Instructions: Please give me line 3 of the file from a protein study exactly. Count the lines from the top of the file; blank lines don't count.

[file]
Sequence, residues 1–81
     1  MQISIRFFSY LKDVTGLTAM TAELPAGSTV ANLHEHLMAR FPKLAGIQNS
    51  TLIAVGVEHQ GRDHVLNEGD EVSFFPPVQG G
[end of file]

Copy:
    51  TLIAVGVEHQ GRDHVLNEGD EVSFFPPVQG G